- Health Department
- Environmental Health
- Health / Restaurant Inspections
Health / Restaurant Inspections
Health Inspections / Grades
Find environmental health inspections and grades for Scotland County.
Restaurants are inspected at least once quarterly and are conducted unannounced. Good food handling practices, temperature controls on hot and cold foods, good cleaning and sanitation practices and proper hand washing procedures are included in the inspections.
A, B, & C Meanings
- A, 90 - 100
- B, 80 - 89.5
- C, 70 - 79.5
North Carolina Restaurants & Bars Observing New Smoke-Free Law
Since North Carolina's new law banning smoking in nearly all bars and restaurants took effect January 2, the NC. CARE-LINE has received numerous telephone calls asking for information about the law, and there have been in excess of 858,595 hits to the website since it was launched, reports the NC. Division of Public Health. Statistics on the implementation of the law will be posted on Smokefree. NC.gov every Tuesday.
"We are pleased at the response to date with this new law, as it will protect the public's health and the health of restaurant and bar employees," said State Health Director Jeffrey Engel, MD. "We will be evaluating the impact of this new state law on the health of North Carolinians."
While smoking is no longer legal in most restaurants and bars, there are limited exceptions for cigar bars and non-profit private clubs, such as patriotic clubs and some country clubs. Lodging establishments must also restrict smoking and may reserve no more than 20% of their rooms for smoking.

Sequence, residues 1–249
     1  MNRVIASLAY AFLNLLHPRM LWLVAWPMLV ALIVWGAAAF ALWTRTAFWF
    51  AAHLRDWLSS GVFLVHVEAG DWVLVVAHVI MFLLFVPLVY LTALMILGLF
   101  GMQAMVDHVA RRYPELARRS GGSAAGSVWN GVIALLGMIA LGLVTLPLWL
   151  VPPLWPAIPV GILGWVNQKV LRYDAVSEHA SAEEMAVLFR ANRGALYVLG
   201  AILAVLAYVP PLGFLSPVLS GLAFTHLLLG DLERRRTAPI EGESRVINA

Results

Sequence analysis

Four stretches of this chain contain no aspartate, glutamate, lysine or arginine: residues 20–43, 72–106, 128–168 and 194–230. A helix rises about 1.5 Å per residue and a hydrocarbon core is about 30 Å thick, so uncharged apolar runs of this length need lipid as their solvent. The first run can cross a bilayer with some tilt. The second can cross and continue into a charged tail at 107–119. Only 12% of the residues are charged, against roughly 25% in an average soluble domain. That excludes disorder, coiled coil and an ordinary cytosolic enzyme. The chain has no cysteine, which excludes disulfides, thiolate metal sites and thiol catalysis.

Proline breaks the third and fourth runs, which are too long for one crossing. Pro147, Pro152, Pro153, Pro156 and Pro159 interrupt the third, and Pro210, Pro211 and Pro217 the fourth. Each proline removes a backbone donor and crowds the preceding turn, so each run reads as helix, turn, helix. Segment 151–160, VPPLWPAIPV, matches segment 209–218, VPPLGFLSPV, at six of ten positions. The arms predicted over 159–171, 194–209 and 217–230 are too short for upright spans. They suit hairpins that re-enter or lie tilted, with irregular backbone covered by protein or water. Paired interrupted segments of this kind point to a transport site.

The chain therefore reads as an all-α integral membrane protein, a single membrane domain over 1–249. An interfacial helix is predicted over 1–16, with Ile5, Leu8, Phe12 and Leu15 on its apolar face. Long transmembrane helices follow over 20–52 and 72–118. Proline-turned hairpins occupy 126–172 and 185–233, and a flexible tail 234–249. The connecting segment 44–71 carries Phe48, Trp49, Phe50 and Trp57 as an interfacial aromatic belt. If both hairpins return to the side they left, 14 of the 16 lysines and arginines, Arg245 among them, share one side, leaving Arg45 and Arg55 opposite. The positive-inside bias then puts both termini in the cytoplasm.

Local health directors have the authority to enforce the law at the local level. People can file a complaint if they believe an establishment is not complying with the new law. The Division of Public Health is forwarding the complaints every week to local health departments for follow-up and investigation.
"We want to be clear that a complaint is not necessarily a violation," said Danny Staley, president of the NC. Association of Local Health Directors. "Some establishments may not even realize the new law applies to them. It's up to local health departments to follow up on each complaint that is called in or entered on the website.
There has been numerous complaints against specific restaurants and bars. These include reports on the lack of non-smoking signs, ashtrays still in place, and businesses that are reported for allowing smoking to continue. There are roughly 24,000 establishments in the state affected by the new law.
There are three ways to report a possible business violation of the law:
- Call the local health department.
- Visit the Smoke Free website and complete an online form.
- Call the North Carolina Care-Line at 800-662-7030 (TTY 1-877-452-2514), which is open 7 a.m. to 11 p.m., seven days a week. Care-Line services are available in more than 150 languages.